Liberals Seek to Exclude Religious Schools and Competition | The American Spectator

Liberals Seek to Exclude Religious Schools and Competition
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An abandoned schoolhouse in Montana (panoglobe/Shutterstock.com)

Apparently, liberals’ demand for inclusivity does not extend to religion. The Supreme Court’s recent landmark education decision leaves America no choice but to reach that conclusion. To hear the Left tell it, eliminating the exclusion and curtailing the state’s monopoly on education is nothing short of tyranny.

In Espinoza v. Montana Department of Revenue, the Supreme Court ruled 5-4 that a private school could not be excluded from a state scholarship program simply because it was religious. Earlier, Montana’s Supreme Court had ruled the opposite, saying the state’s constitution prohibited the credit’s use in private religious schools.

Writing for the majority, Chief Justice John Roberts stated, “A state need not subsidize private education. But once a state decides to do so, it cannot disqualify some private schools solely because they are religious.”

The ruling’s potential is significant because 37 states have similar constitutional exclusions. With “inclusion” the Left’s current crusade, liberals should be expected to immediately rally behind the ruling. Shockingly, they did not.

Amanda Curtis, president of the Montana Federation of Public Employees, saw this blow against exclusion altogether differently: “Today’s decision violates Montana’s commitment to public education, our children, and our constitution. Extremist special interests are manipulating our tax code to rob Montana children of quality education while padding the pockets of those who run exclusive, discriminatory private schools.”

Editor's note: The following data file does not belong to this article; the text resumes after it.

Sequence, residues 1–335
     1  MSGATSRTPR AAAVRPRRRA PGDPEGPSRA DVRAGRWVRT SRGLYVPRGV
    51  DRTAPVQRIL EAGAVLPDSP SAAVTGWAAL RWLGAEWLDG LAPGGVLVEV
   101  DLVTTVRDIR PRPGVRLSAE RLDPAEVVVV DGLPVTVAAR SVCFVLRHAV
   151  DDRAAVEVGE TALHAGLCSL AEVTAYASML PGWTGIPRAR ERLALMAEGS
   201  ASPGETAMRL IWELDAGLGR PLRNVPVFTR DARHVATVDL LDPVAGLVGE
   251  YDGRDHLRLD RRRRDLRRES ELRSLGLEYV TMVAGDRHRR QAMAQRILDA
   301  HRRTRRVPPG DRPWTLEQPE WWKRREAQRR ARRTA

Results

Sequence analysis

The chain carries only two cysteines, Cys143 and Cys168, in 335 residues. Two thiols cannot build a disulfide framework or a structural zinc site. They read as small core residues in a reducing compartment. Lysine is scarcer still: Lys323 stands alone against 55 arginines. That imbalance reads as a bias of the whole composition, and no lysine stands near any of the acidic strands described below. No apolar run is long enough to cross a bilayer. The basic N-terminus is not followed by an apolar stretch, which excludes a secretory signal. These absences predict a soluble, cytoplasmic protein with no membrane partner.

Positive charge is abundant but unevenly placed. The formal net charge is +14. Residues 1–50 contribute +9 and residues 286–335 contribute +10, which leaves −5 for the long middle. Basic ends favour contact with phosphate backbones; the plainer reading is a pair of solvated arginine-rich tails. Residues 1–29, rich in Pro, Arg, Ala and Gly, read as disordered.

Such an Orwellian obfuscation of the obvious demands parsing.

It in no way “violates Montana’s commitment to public education [and] our children,” in any sense; it does the opposite. If “public” means what it is supposed to mean — the people — then all people are now being included — including those whose children go to religious schools. If “public education” means the near-monopoly by state-run elementary and secondary education, that was “violated” by Montana’s decision to give a tax credit to private schools in the first place.

The ruling does “violate” Montana’s constitution, but only because the constitution contains a bigoted, exclusionary provision based on religion. That exclusionary provision is commonly known as a “Blaine amendment” and was intended to keep state money from going to Catholic schools.

As for the “extremist special interests,” these are commonly known as “parents.” These “extremists” had the unmitigated audacity of desiring a say in how their tax dollars were spent; of all places, they wanted them to go toward their children’s schooling.

In this shameless way, these “extreme special interests” sought to manipulate “our tax code to rob Montana children of quality education.” Except of course, it does not. Presumably, the parents sending their children to the private religious schools believe they are getting a better education, or they would not be spending additional money to send them there.